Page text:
Business Social Responsibility and Marketing: a marriage that may lead to ambiguities

Is it enough for a company to provide a Corporate Social Responsibility policy in order to be defined as sustainable?

Which role has Marketing in the conception of a sustainable business?

How can communication strategy affect the reception by the public of any information regarding a company’s sustainability?

These are all questions that any person in business as well as any client or customer should ask in order to become more aware about what’s going on in the Marketing area when it comes to CSR.

With regard to any kind of non-financial report on the matter of CSR companies do have a degree of flexibility when it comes to publicly declare their policy, actions and results.

Moreover, as per the laws currently in force on this matter, a limited number of companies are asked to publish a non-financial report, which leaves a great amount of activities completely out of the radar.

As the law leaves room for ambiguity, the relationship between company choices about CSR policies and Marketing procedures and processes can lead (willingly or not) to unclear practices.

On one hand, almost all Marketing functions are dealing with activities related to CSR.

CSR policies affect not only the value chain but also the financial areas, Human Resources, Research and Development, Communication, insurance-related subjects, external and internal relations etc.

Among the areas of interest of Marketing management in a company we can mention:

– Planning

– Internal and External Communication

– Product Design and Development

– Distribution (Retail, e-commerce, Merchandising, etc.)

– Budgeting

– Risk Evaluation

– Packaging, Labelling, Branding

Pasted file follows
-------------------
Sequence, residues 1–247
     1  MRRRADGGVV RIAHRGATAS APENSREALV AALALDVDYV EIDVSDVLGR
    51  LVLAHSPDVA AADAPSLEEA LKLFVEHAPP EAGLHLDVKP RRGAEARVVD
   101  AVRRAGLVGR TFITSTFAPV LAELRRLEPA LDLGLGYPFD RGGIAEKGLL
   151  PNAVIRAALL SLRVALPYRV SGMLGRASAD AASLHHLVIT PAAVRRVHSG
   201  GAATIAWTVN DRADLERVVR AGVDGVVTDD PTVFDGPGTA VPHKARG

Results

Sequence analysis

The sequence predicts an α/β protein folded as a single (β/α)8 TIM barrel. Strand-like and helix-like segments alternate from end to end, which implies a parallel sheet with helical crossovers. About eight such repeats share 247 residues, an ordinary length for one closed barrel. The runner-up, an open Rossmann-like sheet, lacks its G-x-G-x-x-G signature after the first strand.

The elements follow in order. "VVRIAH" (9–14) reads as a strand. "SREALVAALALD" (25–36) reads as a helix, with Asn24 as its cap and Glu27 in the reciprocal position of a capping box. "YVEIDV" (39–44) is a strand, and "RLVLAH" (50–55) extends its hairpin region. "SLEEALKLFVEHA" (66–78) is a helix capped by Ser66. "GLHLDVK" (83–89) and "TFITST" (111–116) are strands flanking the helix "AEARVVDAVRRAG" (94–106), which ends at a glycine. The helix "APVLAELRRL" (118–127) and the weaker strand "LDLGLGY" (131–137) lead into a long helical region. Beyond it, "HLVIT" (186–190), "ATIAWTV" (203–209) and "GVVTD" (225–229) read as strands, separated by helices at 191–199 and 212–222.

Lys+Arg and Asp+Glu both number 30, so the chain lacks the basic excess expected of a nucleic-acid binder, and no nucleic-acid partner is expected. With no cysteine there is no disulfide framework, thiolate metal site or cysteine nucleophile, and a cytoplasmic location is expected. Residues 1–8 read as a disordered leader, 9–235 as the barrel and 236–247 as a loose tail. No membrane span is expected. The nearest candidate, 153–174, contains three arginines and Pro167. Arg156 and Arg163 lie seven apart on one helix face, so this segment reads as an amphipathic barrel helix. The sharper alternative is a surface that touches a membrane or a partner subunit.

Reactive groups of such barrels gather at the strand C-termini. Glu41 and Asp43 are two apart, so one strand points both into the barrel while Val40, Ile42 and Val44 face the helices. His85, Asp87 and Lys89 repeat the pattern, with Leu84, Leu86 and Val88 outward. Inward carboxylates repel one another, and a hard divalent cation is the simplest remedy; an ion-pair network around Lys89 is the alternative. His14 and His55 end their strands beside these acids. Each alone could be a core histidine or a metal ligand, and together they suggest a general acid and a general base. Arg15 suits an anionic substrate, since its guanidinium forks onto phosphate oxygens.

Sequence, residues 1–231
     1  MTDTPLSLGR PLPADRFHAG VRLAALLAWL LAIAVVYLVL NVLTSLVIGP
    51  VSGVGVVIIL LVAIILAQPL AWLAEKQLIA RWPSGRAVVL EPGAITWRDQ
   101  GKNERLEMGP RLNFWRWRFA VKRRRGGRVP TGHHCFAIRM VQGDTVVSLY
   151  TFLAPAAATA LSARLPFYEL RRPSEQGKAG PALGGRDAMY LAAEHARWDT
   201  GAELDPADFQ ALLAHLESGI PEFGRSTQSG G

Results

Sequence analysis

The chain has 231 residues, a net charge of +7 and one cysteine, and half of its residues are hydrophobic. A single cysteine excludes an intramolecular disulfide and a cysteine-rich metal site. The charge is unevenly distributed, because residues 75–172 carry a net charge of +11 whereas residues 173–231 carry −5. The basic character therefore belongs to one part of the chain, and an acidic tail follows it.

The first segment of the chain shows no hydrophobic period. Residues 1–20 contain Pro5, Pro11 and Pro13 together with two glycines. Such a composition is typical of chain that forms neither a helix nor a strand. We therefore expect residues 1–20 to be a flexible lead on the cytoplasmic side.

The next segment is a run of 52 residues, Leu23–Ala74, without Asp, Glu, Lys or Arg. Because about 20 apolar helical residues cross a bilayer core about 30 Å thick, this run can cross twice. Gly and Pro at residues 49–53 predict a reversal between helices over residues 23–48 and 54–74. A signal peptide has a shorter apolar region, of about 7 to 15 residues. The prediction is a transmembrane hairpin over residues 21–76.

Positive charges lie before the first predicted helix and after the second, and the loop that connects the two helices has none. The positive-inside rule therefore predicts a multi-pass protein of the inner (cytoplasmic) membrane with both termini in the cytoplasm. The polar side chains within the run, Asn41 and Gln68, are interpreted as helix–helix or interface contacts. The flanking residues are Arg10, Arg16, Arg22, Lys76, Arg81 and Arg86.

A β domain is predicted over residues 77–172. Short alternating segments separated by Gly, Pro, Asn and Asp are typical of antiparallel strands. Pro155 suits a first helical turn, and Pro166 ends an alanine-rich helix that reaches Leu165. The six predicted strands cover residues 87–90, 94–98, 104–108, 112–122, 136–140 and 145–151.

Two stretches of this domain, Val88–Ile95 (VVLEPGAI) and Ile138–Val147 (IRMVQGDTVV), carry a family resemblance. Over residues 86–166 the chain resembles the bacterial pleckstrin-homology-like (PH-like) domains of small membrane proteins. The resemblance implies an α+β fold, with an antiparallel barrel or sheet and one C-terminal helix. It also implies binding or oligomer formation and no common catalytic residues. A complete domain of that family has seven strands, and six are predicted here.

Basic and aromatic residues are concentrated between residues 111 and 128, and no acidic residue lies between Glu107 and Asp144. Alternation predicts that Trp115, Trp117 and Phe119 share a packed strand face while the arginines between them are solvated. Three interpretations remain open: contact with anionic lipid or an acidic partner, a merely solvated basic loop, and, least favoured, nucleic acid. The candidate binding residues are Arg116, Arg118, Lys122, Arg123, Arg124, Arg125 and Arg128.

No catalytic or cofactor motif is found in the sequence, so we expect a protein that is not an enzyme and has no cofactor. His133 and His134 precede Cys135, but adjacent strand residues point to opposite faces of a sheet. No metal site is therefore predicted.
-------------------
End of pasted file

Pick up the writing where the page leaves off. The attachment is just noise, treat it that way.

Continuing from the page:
– Customer Relations and Support

– Market Information, Studies, Trends.

This means that Marketing functions are closely linked to any subject related to CSR and a strict collaboration among departments is vital.

On the other hand, CSR policies are linked to the identity of a brand and, therefore, to its image.

This may lead to a misuse of communication in terms of CSR and consequently to misleading actions that could end up in green- and/or social-washing.

Here some examples of the situations that may occur in terms of CSR communication:

– Having a sustainable DNA and an efficient communication method, which leads to a successful communication in terms of CSR;

– Having a sustainable DNA but some gaps in the content or style of communication, which is partially affecting the public image of the brand or company;

– Having a partially sustainable DNA or being in a phase of first approach toward sustainability, therefore trying to change the communication style and content with more or less success;

– Trying to demonstrate trough communication the adoption of sustainable practices even if not true, which leads to greenwashing practices (companies may not be aware of the consequences of their actions on this subject);

– Not being interested in sustainable-related matters and therefore not engaging in communication on the subject.

These examples show the difference between using CSR as a method for a sustainable change and for improvement (included the Marketing process), and using CSR and the non-financial report as a mere communication instrument.

On this subject it is important to know that we now live in an era in which having access to information has become extremely easy.

Most of the population around the world can get access to internet and verify any information, even with regard to a company’s activity.

Moreover, journalistic investigations and social networks may uncover unpleasant situations that companies were trying to hide in order to protect their image.

Therefore, using CSR as a mere communication tool is not wise, as it can lead to face irreversible consequences on the image of a company or a brand.

For more information on this subject please feel free to contact me at the email address:

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